Cancer patient writes thank you letter to Peyton

Posted at 1:09 AM, Sep 17, 2015
and last updated 2015-09-17 01:09:55-04

A woman dying from breast cancer who decided to write letters to the people in her life who meant something to her ended up at the Broncos game Sunday as a guest of Broncos quarterback Peyton Manning.

Kari Barnett Bollig wrote those letters to school teachers, friends, family and Peyton Manning, according to her childhood friend, Indianapolis Starwriter Dana Hunsinger Brown.

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Brown said Kari has tucked most of the letters away in her home, but she mailed one -- to Manning.

"I have followed Peyton Manning forever, especially being an Indiana girl," Kari said. "I just thought, 'Well, shoot. I'm going to write him a letter and tell him how much he inspires me, not just because he's a football player, but for what he does off the field.

"It was very personal. It was very heartfelt and I never thought anything of it other than I wrote it and sent it," she said. "I didn't even know he would get it."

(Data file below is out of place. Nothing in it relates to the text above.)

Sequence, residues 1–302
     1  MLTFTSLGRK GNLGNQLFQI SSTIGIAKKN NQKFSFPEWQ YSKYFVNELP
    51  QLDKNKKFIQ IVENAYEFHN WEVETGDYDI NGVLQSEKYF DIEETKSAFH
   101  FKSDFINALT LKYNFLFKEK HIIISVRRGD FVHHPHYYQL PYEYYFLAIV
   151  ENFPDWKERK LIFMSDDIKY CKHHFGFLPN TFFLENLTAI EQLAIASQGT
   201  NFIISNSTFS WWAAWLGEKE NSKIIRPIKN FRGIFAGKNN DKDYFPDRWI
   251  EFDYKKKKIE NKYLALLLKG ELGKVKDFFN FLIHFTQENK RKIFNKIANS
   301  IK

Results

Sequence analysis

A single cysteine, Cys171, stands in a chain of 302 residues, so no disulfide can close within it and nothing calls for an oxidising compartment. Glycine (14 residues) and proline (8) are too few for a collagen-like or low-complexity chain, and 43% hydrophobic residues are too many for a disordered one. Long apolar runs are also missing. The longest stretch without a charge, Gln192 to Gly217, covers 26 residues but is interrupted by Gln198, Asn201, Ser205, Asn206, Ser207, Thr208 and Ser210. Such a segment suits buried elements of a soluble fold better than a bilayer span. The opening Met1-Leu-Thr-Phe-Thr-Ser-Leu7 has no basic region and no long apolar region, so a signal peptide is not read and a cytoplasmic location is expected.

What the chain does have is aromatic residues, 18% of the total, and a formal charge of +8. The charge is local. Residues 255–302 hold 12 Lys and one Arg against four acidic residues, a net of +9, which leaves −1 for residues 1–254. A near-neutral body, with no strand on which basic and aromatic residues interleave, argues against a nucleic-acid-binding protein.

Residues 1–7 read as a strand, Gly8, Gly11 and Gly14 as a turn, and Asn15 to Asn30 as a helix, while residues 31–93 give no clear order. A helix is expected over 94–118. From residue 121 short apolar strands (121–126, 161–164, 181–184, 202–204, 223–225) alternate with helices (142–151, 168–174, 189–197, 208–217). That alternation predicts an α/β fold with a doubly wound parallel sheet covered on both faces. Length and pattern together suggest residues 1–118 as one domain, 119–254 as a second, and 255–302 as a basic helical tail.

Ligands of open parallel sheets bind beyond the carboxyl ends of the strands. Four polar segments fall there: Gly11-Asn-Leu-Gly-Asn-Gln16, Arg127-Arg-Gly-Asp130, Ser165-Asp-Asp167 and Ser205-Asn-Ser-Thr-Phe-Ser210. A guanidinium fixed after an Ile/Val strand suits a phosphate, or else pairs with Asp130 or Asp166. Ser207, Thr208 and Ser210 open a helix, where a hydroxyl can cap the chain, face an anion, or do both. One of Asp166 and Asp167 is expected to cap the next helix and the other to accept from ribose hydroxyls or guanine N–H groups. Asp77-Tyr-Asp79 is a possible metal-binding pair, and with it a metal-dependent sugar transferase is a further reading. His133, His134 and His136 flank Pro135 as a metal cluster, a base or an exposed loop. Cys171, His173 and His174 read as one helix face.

He did. And he called Kari.

"I kind of stammered and stuttered around," Kari told her friend. "And then I said, 'Are you kidding me?'"

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Kari ended up in Denver last weekend, watching the Broncos players get their team photos taken on Saturday, took a tour of the facility and went to the Sunday game.

And she met Manning.

"He walked right over after he got his picture taken," Kari said. "It was so sweet because he shakes my hand and says, 'I'm Peyton Manning.' It was cute. It was kind of like, 'I know who you are, Peyton.' "

Benbow wrote a column in her newspaper to thank Manning.

She said, "You spent 10 minutes with Kari and her husband of 12 years, Ed (who, in a tragic twist, lost his first wife to breast cancer). You talked to her. You took her mind off of cancer, just for a bit."

Benbow admitted she didn't love Manning before, even when he won a Super Bowl in Indianapolis.

"But I want to tell you something," Benbow wrote in the newspaper. "I do love you now. I love you for what you did for my childhood friend from Greenfield, Ind., who is dying of breast cancer."

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Kari has found tumors all over her spine, one touching her spinal cord. She's had 52 radiation treatments. She goes for more every three weeks.

Kari said Manning hugged her and quietly said, "Keep fighting, Kari. I'll be praying for you."

Read Benbow's entire letter to Manning in the Indianapolis Star.


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